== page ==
Max Roach was in the midst of establishing a small group sound with just tenor sax and trumpet on the frontline, and this recording firmly cements this approach. It's stripped down, but lacking no amount of power or verve, in fact the drummer seems rather inspired during this time period. Thankfully the Italian Soul Note/Black Saint labels documented this music, where companies in the U.S. turned away from it. You hear newly arranged bop standards for the most part, well played by all, while fresh voices in the form of trumpeter Cecil Bridgewater and saxophonist Odean Pope sound far removed from the players Roach teamed with in the '50s and '60s. "Henry Street Blues" is a standout for its playfulness, and the trading of phrases between the drummer and his bandmates, while bassist Calvin Hill is solid as a rock throughout. The title track is a piece that deviates from the rest of the set, and leans more heavily toward the creative improvised aspect of jazz. This is one of a series of excellent recordings by the Roach 4tet in the early '80s that should be examined as not only excellent works, but perhaps even trend setters for a more progressive concept.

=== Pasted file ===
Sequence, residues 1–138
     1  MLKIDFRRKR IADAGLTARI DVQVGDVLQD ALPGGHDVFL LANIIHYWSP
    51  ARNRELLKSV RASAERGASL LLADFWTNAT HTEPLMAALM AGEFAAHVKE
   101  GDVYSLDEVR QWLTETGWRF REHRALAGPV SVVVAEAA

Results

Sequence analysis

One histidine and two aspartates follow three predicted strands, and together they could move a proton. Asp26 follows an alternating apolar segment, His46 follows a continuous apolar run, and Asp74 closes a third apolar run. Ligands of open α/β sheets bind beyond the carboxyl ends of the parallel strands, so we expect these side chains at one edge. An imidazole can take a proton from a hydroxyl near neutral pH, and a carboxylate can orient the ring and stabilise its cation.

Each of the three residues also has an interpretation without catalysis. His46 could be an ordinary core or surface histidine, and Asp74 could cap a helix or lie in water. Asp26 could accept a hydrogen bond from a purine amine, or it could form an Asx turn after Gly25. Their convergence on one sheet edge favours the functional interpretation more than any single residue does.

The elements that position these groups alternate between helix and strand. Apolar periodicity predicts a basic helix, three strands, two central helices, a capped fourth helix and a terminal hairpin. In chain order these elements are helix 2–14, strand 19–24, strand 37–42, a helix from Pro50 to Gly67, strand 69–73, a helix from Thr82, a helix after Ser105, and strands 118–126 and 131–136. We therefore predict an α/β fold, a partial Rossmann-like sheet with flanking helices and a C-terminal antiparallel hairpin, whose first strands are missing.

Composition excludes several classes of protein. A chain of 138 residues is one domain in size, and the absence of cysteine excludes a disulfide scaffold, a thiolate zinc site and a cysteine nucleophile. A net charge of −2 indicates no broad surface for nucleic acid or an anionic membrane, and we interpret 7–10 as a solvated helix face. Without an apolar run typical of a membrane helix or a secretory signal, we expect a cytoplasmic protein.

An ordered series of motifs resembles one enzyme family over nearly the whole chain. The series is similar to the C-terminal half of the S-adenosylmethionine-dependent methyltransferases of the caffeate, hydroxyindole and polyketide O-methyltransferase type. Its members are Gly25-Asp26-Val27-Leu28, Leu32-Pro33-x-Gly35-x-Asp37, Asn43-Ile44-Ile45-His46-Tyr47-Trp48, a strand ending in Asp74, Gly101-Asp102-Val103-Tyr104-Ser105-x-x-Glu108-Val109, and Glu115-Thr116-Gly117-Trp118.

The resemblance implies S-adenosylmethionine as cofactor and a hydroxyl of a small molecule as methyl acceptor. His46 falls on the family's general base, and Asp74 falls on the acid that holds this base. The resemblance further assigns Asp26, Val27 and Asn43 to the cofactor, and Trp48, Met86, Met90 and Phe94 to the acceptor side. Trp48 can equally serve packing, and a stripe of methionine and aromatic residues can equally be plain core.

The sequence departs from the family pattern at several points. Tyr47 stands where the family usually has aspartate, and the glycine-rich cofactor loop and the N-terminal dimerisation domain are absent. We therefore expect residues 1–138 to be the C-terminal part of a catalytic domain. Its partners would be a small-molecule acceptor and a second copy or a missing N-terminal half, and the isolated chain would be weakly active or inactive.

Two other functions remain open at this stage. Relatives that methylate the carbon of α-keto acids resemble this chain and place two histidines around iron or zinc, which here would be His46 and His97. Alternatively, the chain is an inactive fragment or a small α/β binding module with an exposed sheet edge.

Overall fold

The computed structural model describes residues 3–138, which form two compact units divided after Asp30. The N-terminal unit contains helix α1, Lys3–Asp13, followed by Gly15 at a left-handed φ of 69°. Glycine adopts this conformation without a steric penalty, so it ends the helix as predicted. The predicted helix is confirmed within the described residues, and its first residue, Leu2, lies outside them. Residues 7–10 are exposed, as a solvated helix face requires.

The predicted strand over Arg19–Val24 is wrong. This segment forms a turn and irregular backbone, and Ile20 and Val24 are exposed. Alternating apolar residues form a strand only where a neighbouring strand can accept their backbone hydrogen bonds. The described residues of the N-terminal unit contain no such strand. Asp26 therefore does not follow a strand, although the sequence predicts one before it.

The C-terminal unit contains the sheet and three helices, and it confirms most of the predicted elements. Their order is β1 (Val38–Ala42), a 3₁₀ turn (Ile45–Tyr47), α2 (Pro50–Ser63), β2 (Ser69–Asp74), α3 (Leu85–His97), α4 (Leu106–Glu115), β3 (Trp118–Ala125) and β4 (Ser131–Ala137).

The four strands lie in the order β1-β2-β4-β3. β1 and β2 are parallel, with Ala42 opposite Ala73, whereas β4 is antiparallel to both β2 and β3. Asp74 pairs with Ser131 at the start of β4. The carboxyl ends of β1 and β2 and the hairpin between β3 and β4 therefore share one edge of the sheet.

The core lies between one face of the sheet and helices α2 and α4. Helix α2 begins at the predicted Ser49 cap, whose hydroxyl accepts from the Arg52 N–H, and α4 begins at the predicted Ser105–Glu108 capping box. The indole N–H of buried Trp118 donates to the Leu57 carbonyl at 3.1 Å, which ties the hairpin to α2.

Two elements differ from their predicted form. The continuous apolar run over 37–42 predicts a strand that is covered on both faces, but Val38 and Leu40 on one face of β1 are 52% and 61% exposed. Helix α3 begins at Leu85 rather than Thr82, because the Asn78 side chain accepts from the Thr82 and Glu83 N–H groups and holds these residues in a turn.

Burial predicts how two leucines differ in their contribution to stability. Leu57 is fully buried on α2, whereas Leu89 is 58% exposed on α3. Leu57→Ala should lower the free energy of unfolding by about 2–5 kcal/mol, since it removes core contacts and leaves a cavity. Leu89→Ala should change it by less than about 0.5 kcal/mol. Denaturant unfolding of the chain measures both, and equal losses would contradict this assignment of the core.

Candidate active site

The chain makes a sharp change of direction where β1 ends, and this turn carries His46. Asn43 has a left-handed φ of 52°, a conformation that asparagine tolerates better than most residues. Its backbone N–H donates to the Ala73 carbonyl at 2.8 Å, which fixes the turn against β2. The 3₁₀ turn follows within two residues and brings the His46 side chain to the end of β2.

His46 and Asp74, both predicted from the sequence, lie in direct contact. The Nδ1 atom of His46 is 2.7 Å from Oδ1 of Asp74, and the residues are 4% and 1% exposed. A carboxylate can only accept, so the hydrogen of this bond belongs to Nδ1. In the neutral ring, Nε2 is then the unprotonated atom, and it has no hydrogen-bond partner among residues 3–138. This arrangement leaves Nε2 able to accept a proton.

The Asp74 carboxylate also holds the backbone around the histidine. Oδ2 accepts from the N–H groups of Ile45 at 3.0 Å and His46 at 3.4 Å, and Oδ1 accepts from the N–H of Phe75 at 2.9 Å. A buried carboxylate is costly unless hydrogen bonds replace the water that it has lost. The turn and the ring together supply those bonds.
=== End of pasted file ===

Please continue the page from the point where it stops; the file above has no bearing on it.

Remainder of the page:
Share this page
AllMusic Review by Ron Wynn